SNEAKER INFLATION: THE TREAD IS JUST TOO DAMN HIGH
Sneaker prices are surging in the United States, and that’s challenging news for what has become the footwear of choice in our new normal, post-pandemic, comfort-oriented world: These days, the sneaker is the new dress shoe. Depending on the style, what was once strictly worn for a run, at the gym, or swapped with a pair of cap-toes for the commute home, is now as ably paired with a suit as any dress shoe in most circles. “Air,” the Amazon and Warner Brothers blockbuster movie with an Oscar-winning cast tells the story of the birth of the Air Jordan, practically a footwear category all its own. But is our footwear of choice becoming a luxury purchase?
According to new data released from Centric Software, average sneaker prices have surged to record levels in the USA, rising by 12.3% since the turn of the decade, according to the company’s Sneaker Market Index. That rise shows no sign of slowing, either, as sneaker prices in have increased by 4.3% since the start of this year. Item prices averaged $126.89 across the category in March 2023, according to the latest data. Sneakers are currently priced $9.07 higher for consumers on average, compared to the same period last year. Record price levels in March 2023 follow significant price increases as seen during 2022, as average sneaker prices rose by 4.6% over the course of that year.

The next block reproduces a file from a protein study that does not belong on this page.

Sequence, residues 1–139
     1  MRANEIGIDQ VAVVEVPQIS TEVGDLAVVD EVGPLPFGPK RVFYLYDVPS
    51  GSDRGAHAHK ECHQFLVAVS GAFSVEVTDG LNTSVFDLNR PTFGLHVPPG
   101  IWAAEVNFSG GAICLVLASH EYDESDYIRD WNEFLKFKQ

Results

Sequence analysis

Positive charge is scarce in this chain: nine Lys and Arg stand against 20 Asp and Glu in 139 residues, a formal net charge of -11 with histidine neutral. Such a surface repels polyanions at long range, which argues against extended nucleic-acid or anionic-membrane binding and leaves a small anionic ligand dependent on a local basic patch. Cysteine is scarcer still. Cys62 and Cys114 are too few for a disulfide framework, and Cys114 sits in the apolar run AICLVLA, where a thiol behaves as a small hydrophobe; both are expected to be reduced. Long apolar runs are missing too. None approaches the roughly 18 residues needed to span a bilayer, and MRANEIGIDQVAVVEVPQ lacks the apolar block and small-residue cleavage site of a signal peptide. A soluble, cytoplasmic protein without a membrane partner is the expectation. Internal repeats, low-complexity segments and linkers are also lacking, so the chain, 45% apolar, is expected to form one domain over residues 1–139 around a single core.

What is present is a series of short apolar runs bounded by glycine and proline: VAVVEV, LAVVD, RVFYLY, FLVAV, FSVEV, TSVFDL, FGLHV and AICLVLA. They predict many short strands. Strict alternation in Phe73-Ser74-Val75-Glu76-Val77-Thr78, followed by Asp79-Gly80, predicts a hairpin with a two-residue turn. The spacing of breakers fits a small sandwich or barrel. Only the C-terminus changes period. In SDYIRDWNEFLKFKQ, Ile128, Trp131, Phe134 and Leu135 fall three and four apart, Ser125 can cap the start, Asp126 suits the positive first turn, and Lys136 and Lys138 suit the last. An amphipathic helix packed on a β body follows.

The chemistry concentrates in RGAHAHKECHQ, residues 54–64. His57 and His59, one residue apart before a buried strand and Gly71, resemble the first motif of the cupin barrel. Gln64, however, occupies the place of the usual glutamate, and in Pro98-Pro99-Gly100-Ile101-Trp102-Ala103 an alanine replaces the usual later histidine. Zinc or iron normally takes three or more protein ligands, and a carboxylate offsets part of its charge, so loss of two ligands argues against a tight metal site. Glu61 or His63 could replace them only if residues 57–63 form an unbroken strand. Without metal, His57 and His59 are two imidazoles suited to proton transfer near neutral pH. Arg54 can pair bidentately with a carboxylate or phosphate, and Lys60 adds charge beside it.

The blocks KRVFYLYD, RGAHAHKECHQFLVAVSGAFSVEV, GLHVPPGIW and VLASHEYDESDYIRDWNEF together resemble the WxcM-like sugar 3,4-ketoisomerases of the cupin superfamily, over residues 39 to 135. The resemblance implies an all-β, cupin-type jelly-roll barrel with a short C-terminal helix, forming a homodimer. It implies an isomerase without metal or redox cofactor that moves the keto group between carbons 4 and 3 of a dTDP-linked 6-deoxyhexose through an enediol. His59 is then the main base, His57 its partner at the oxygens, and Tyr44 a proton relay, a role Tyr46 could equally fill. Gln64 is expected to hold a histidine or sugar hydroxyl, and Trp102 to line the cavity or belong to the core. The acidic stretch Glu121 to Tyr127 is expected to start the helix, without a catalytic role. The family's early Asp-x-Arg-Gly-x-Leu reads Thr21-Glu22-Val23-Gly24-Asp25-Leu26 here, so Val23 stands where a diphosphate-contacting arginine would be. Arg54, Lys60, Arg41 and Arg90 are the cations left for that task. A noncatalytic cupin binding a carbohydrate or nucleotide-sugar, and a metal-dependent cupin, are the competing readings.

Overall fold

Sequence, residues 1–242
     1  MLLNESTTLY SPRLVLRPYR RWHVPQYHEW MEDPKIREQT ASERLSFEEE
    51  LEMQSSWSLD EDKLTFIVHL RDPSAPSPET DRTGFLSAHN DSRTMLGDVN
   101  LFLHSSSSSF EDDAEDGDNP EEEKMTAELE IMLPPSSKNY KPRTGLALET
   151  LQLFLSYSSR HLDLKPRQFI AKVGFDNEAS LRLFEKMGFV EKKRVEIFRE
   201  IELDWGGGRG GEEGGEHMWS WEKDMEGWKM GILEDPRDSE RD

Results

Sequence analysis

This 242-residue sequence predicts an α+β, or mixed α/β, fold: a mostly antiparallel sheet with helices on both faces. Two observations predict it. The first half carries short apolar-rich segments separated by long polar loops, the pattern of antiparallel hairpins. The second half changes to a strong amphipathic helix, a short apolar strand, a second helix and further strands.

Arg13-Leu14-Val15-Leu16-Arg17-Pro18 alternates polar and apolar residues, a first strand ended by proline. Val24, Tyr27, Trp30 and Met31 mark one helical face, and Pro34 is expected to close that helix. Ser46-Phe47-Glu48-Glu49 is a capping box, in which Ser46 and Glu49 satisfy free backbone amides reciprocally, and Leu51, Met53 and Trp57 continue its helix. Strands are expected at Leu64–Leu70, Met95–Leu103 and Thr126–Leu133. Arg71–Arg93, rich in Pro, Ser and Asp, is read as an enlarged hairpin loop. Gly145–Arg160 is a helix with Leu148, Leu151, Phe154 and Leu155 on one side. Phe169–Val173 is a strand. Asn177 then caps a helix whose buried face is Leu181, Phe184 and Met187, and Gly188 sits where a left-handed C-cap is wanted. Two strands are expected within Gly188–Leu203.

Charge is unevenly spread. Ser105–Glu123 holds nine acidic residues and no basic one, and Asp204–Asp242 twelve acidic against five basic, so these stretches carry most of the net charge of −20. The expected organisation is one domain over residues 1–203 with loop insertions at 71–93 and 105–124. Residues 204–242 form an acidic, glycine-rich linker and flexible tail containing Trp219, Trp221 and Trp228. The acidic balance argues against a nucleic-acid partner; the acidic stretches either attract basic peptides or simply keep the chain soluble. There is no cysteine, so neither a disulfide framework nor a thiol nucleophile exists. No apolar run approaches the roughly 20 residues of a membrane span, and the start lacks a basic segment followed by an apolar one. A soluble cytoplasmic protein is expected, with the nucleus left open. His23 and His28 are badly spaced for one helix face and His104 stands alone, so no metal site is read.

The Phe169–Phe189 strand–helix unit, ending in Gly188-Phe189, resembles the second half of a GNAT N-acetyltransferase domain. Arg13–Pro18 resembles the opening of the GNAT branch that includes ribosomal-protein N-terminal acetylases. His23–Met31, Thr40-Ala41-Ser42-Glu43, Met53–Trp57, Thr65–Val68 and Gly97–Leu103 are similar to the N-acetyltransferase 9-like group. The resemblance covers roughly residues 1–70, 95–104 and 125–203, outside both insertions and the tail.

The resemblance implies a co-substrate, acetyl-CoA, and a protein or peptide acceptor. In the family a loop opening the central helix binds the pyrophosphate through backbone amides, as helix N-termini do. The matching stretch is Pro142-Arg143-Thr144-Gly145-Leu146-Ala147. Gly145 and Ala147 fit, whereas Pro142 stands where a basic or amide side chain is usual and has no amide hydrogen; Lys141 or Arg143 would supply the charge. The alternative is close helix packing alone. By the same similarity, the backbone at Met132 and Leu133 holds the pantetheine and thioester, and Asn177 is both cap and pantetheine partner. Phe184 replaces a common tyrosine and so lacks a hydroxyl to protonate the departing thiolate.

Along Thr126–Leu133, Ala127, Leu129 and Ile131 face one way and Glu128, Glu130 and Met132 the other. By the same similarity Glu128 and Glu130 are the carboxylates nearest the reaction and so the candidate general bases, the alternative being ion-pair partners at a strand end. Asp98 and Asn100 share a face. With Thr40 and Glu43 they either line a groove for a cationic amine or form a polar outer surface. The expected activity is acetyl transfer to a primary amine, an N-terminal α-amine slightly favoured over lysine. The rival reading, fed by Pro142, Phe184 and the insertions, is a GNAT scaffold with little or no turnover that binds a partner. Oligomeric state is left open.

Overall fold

All of this data has been compiled by the competitor benchmarking, pricing intelligence and trend forecasting platform Centric Pricing, following the launch of its Sneaker Market Index. Detailed market insight is gathered weekly from ecommerce listings to reveal category pricing and discounting levels.
The index has also found that retailers and brands are increasingly having to turn to discounting to shed excess inventory, while shielding consumers from further price increases. Product discounting data highlights that the depth of discounting in the USA sneaker market reached its highest average since March 2021. Over the last two quarters (Q4 2022 & Q1 2023), the average discount per item has increased by 42.7% year on year.
Commenting on the USA Sneaker Market Index data, Centric Pricing expert Elizabeth Shobert says, “The data throws up some interesting trends. Brands and retailers are pricing sneakers higher and higher, which is not surprising when we consider the wider context of inflation and its impact on raw material, shipping, and energy costs. However, higher original prices are not being followed by sales at full price as consumers face discretionary spending pressure.”
“The breadth and depth of discounting in the USA sneaker market is noticeably increasing,” Elizabeth Shobert continues. “Brands and retailers are being pushed to drop prices to move aging inventory. To navigate the ongoing volatility, companies will need to do a better job at predicting trends and focus more on producing exactly the products that consumers want, and in the right amounts; planning more targeted assortments by channel and store; and using resources more efficiently to control design and production costs.”
Photo, top, by Shane Kell.